Timoner: I have shot most of my documentaries for the last thirty years, but I actually never expected to turn the camera onto my family until my father decided to end his own life in late January 2021, setting in motion a mandatory waiting period under California law. I was just desperate to bottle up my wonderful dad somehow, and this was the only way I knew how. He was my best friend, my greatest pal and champion and the most inspiring person my family and I—and most of our community—had ever known.
I looked at no references. I set up cameras in the hopes that they would disappear, and I tried to remain present for my father and family with every cell of my being. When it came to the final day of my father’s life, I asked a DP I worked with on Coming Clean who has a calm and sweet presence, Turner Jumonville, to help me capture the end because I knew I wouldn’t be able to. He came to meet my parents several days before, and we went over what we thought would happen, and he did a beautiful job on March 3rd. I am very grateful.
Filmmaker: What were the biggest challenges posed by production to those goals?
Timoner: There was no pre-production, no set up time, no roadmap, schedule or even camera team. When my father decided to end his life, I was quite suddenly catapulted into documenting this experience as unobtrusively as possible—setting it all up in a way that would cause the least disruption of anyone’s experience, including mine. I put a lavalier mic on dad and anyone who came to visit him. Still, I didn’t know that I was making a documentary while I was shooting this film. I was fully immersed in caring for my father while also soaking up every last minute I could have with him. As the days progressed, me and my small team—which consisted of a couple of young people who work in my office, a couple of dear friends and my partner, Morgan—fell into a rhythm of changing batteries, lenses, checking cards and adjusting angles, ISO and focal length to capture incredible, unprecedented moments as they occurred.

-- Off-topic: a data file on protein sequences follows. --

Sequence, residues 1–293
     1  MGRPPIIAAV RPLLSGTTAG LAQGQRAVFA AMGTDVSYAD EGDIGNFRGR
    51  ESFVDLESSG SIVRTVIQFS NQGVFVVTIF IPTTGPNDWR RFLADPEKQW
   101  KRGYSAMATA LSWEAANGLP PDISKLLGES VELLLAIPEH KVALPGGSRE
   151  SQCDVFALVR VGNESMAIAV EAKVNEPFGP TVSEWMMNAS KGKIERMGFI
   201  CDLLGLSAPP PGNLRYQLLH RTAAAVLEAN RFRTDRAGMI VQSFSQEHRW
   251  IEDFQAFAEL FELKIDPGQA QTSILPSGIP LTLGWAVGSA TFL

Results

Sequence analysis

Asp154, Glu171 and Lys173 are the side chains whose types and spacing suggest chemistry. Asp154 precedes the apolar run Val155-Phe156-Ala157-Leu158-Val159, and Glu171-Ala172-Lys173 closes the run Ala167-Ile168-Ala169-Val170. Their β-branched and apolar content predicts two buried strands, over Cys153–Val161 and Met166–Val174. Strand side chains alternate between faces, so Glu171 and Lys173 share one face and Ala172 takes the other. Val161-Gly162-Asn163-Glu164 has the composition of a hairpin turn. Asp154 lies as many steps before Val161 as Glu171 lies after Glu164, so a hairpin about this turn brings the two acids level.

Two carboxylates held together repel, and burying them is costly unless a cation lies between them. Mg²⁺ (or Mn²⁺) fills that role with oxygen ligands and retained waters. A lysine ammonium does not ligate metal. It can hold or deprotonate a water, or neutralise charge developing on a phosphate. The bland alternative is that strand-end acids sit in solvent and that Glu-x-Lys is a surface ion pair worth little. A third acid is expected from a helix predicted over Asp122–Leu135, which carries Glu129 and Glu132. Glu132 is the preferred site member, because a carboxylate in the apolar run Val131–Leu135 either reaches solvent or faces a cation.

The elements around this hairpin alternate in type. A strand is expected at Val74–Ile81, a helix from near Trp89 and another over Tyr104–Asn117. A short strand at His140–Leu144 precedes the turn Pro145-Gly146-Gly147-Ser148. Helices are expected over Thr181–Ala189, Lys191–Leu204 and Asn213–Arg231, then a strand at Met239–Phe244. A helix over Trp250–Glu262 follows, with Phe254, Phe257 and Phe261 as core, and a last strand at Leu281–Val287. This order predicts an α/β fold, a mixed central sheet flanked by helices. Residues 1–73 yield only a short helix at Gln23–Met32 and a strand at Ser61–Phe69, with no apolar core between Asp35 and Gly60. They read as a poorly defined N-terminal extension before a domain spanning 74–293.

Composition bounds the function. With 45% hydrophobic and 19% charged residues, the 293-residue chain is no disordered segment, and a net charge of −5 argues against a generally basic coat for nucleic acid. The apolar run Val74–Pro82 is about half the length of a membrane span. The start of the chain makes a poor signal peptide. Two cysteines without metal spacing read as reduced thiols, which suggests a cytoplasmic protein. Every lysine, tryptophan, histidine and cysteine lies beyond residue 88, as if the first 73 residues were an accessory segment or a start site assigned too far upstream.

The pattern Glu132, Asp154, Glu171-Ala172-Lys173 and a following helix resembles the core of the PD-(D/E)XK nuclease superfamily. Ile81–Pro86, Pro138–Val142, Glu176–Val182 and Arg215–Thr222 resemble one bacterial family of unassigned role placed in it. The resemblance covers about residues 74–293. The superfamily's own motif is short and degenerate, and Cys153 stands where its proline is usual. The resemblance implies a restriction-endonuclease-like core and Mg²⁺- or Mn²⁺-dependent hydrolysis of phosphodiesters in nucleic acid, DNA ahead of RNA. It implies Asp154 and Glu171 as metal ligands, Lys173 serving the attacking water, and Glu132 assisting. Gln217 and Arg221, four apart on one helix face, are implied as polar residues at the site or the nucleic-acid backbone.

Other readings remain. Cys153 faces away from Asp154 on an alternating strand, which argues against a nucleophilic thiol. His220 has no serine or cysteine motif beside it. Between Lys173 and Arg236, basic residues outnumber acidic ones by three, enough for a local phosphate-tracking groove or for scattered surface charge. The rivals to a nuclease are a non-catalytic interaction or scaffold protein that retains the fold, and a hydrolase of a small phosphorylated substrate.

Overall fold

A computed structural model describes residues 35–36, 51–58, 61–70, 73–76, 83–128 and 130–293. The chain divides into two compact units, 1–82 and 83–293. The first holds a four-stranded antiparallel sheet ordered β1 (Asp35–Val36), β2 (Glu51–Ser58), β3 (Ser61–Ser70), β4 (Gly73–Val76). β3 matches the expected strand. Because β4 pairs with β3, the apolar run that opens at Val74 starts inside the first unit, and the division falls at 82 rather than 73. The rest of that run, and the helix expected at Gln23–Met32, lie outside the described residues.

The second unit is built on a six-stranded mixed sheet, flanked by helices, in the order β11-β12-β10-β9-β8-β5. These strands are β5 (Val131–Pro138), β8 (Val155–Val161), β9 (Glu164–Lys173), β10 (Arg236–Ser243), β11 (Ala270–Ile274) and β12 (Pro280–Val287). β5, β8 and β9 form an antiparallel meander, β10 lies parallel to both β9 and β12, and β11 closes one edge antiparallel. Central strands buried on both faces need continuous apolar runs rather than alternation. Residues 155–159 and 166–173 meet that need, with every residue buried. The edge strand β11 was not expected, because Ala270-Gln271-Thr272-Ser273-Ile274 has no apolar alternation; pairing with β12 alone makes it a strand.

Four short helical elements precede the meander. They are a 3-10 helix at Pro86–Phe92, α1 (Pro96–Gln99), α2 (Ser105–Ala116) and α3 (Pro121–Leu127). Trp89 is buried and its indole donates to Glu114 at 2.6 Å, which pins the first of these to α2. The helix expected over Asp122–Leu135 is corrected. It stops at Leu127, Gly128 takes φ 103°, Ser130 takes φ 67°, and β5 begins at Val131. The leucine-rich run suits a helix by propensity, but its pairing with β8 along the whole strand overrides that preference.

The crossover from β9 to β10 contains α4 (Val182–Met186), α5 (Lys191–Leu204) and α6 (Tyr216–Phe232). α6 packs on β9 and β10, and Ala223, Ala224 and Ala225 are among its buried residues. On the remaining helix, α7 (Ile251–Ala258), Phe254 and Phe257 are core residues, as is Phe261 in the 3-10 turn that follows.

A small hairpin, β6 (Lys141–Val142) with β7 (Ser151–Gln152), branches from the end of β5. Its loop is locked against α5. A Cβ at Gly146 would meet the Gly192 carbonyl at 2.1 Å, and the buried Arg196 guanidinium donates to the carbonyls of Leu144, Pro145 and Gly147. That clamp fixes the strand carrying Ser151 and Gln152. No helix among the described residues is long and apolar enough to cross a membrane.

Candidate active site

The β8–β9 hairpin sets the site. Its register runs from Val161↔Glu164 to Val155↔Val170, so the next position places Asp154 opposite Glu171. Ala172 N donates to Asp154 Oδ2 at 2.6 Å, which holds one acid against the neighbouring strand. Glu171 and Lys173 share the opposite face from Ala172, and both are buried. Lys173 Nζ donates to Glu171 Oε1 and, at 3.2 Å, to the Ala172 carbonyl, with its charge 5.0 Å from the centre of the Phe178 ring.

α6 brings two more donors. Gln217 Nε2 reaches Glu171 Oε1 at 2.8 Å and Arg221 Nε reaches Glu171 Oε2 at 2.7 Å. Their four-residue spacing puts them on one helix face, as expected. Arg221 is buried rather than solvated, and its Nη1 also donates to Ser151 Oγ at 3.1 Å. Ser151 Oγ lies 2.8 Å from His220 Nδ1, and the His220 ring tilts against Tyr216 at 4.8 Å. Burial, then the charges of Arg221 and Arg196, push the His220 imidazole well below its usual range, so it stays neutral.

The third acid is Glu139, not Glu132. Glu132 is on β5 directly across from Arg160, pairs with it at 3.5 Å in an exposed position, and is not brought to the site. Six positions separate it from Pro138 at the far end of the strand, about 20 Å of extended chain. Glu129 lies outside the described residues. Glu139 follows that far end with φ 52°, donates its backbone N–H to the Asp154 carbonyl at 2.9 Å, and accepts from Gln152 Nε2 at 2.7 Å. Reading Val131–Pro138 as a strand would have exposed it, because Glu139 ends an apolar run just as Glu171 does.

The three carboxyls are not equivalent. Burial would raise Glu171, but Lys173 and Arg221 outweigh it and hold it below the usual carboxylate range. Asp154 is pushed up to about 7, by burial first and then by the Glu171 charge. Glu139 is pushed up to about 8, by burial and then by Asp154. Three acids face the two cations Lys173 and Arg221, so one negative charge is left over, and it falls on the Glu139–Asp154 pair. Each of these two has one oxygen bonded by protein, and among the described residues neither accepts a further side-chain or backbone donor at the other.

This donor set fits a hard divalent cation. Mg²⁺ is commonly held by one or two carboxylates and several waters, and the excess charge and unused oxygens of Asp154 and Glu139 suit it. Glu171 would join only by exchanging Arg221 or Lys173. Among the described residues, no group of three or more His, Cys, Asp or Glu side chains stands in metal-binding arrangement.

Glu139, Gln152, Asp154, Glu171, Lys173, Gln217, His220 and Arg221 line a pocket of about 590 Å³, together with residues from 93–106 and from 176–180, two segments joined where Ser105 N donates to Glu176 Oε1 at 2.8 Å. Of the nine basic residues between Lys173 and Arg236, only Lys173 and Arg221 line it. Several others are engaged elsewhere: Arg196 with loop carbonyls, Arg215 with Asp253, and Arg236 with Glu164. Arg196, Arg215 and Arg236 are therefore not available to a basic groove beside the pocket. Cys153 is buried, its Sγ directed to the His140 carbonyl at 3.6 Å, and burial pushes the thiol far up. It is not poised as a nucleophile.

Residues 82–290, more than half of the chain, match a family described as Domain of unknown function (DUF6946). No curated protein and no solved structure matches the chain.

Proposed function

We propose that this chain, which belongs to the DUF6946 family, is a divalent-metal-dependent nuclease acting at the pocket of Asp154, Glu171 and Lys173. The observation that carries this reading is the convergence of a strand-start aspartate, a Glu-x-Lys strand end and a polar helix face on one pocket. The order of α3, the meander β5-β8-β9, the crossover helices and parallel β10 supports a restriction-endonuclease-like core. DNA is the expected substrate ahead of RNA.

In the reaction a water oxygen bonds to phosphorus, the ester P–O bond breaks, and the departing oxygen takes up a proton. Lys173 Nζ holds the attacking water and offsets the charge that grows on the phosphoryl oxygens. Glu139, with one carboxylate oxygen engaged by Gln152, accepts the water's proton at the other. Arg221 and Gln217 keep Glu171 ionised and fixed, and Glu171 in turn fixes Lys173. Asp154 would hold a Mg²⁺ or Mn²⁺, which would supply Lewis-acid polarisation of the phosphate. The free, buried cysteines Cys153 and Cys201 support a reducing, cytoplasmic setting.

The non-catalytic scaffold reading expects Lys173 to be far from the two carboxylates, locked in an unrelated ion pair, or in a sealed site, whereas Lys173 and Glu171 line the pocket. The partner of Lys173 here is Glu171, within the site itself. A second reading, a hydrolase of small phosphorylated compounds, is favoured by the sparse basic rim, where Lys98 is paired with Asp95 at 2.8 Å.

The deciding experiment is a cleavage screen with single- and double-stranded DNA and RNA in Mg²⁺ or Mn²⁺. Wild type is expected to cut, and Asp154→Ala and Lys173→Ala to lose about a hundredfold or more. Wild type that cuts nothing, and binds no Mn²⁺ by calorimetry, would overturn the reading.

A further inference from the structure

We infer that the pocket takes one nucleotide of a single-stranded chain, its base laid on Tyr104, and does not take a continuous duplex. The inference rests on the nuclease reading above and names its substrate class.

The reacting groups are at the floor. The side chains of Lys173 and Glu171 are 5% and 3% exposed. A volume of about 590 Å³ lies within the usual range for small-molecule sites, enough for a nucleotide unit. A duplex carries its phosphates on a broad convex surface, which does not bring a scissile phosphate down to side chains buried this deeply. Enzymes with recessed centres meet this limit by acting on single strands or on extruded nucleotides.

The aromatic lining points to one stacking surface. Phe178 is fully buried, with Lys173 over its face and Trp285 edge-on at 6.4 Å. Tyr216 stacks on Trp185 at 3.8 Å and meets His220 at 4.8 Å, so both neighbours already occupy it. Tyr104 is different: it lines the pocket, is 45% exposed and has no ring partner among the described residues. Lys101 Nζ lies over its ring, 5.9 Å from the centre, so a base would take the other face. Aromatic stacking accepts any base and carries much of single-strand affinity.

Filmmaker: What camera did you shoot on? Why did you choose the camera that you did? What lenses did you use?